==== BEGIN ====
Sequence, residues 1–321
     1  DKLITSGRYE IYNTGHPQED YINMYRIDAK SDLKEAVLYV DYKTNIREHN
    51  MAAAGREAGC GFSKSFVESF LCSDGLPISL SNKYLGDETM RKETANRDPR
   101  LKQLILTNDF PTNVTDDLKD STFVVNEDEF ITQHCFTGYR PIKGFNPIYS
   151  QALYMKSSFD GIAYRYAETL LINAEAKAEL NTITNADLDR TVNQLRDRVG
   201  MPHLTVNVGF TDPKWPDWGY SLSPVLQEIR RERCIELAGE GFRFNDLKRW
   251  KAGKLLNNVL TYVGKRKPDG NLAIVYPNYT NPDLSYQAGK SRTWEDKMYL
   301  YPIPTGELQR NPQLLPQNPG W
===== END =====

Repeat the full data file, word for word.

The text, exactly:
Sequence, residues 1–321
     1  DKLITSGRYE IYNTGHPQED YINMYRIDAK SDLKEAVLYV DYKTNIREHN
    51  MAAAGREAGC GFSKSFVESF LCSDGLPISL SNKYLGDETM RKETANRDPR
   101  LKQLILTNDF PTNVTDDLKD STFVVNEDEF ITQHCFTGYR PIKGFNPIYS
   151  QALYMKSSFD GIAYRYAETL LINAEAKAEL NTITNADLDR TVNQLRDRVG
   201  MPHLTVNVGF TDPKWPDWGY SLSPVLQEIR RERCIELAGE GFRFNDLKRW
   251  KAGKLLNNVL TYVGKRKPDG NLAIVYPNYT NPDLSYQAGK SRTWEDKMYL
   301  YPIPTGELQR NPQLLPQNPG W